Is this an accordion? How do I play it?
November 19, 2004 9:50 AM   Subscribe

I can't figure out my accordion.
posted by ba to Sports, Hobbies, & Recreation (19 answers total) 1 user marked this as a favorite
Position it in such a way that it doesn't make a noise. Walk away.

That's all anyone need know.
posted by fvw at 9:53 AM on November 19, 2004

I have an accordion. It's name is Bob (spelled out in all cap bold art-deco-ish letters on the front of the instrument). I can't figure out how how the buttons for the left hand are arranged. Some of them sound a bass note, and some sound chords. The chords aren't arranged chromatically or in a cycle of fourths, so far as I can tell. I did some preliminary Googling, but thus far all I have learned is that I don't even know if it is an accordion, concertina (english, duet, something else?) or other instrument I've never heard of.

About me: I play sax, read music and have a pretty solid grasp on music theory. I like long walks on the beach and dislike mean people (unless they're funny).

About Bob: 41 (piano-looking) keys, a 6 x 20 array of buttons, 2 big white buttons that change the nature of the tone. It's in great condition, nothing sticks and everything with a spring pops back solidly; Sounds great. A metal badge affixed to the instrument proclaims the maker to be the Italian Accordion Mfg. Co., Chicago. There is not year, but the phone number of the company above is given as Hudson-X-XXXX. I don't remember phone numbers here using alphabetic exchanges since the very early 70s. Hand-scratched into the finish in three places is "Made in Italy."

So really what I think I need is confirmation that this is indeed an accordion, and a fingering chart.
posted by ba at 9:53 AM on November 19, 2004

fvw: That's actually what I've been doing with it for the last three years.
posted by ba at 9:54 AM on November 19, 2004

Well, I can't help with the bass buttons but it sure sounds like you have a piano accordion (as opposed to a button or diatonic accordion). You most certainly do not have a concertina.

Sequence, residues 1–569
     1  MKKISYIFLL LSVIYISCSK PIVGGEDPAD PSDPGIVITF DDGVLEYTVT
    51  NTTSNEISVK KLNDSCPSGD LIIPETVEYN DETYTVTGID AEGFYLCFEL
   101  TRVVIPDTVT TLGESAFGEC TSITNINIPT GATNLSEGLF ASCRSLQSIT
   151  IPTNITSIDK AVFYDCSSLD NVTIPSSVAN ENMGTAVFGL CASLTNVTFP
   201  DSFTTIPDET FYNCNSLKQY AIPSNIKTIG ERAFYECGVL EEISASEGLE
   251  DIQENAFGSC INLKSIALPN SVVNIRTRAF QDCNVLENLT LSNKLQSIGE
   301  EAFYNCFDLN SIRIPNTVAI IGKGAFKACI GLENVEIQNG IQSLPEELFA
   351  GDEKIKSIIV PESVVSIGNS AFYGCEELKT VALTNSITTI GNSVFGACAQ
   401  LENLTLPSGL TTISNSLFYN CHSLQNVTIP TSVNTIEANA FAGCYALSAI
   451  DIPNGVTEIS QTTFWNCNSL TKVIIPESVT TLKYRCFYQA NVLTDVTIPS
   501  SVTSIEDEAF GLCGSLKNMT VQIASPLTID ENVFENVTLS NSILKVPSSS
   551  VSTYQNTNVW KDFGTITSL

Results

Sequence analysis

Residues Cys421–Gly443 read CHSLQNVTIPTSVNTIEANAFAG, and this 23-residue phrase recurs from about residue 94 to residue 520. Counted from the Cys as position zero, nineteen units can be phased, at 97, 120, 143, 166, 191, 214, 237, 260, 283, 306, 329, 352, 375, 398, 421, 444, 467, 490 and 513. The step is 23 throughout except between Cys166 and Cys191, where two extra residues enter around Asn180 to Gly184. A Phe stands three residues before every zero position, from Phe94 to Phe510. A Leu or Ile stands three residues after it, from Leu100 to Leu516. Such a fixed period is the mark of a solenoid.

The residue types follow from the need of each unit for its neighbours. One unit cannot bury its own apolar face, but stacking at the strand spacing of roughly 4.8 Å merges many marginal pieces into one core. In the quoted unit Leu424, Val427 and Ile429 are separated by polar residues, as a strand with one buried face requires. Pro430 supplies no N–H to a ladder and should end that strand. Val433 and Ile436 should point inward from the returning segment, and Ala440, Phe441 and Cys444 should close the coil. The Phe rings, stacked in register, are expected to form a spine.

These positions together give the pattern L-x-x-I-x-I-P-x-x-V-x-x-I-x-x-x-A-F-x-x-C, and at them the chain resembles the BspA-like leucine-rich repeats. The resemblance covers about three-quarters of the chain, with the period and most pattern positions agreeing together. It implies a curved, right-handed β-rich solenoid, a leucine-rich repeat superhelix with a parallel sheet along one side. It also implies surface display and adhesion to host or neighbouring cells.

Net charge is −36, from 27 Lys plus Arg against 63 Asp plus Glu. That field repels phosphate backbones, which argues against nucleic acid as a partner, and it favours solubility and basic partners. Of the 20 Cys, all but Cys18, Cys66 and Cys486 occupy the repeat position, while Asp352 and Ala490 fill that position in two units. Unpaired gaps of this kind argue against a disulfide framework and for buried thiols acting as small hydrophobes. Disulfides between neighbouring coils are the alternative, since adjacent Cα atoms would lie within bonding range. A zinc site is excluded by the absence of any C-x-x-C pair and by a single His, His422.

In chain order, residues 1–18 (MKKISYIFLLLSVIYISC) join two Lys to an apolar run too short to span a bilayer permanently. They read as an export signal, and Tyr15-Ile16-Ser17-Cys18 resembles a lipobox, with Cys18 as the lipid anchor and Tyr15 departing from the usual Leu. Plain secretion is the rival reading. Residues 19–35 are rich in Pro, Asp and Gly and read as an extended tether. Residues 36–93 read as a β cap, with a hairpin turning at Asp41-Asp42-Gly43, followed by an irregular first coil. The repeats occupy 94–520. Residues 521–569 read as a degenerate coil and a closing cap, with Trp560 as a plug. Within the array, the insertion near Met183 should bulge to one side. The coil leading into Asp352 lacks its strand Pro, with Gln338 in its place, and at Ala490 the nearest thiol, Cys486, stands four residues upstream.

posted by transient at 10:05 AM on November 19, 2004

Hey, how about this?
posted by transient at 10:09 AM on November 19, 2004

Would something like this help? Not in English, but the illustrations seem to provide a key. (sorry)
posted by cairnish at 10:11 AM on November 19, 2004

(A warning: It's been years since I took accordion lessons and my terminology is suspect. The principles are as described.)

Round abouts the middle of the buttons should be one button with a dimple in it. This is your C bass note. Depending on how your accordion is built, there may be a counterbass row behind the bass row. The bass buttons play a single note at a time, much like a bass guitar.

The other buttons play the chords associated with the bass note. The order is, if I recall correctly, major, minor, M7, and Dom7. You'll just have to play them and find out, however.

If there is a counterbass button behind the bass button, it will be a fourth below the root bass note. In the case of C, this will be a G. This allows the player to play an alternating I/V bass line, which you've heard a million times.

Toward the front of the accordion are the aforementioned chord buttons. In order to get that classic polka sound, one can hit the bass button on the one of the measure (in 3:4) and the chord on the two and three. This will give you a perfect omm-paw-paw groove.

As for the vertical arrangement, the interval between chords/ bass notes are a perfect fifth apart. Unfortunately, I cannot recall which way is up an which is down. But this means that in one direction, moving on row from the C row (with the dimple) will give you identical chords built off a G root and with D in the counterbass (if such a row exists). In the opposite direction, you'll find the same chords built off an F root with C as the counterbass.

If you don't know chord theory, there was an earlier AskMe post that does a far better job than I could ever do explaining it.
posted by stet at 10:13 AM on November 19, 2004

Or you could just read cairnish and transient's links.
posted by stet at 10:16 AM on November 19, 2004

stet: you've explained perfectly.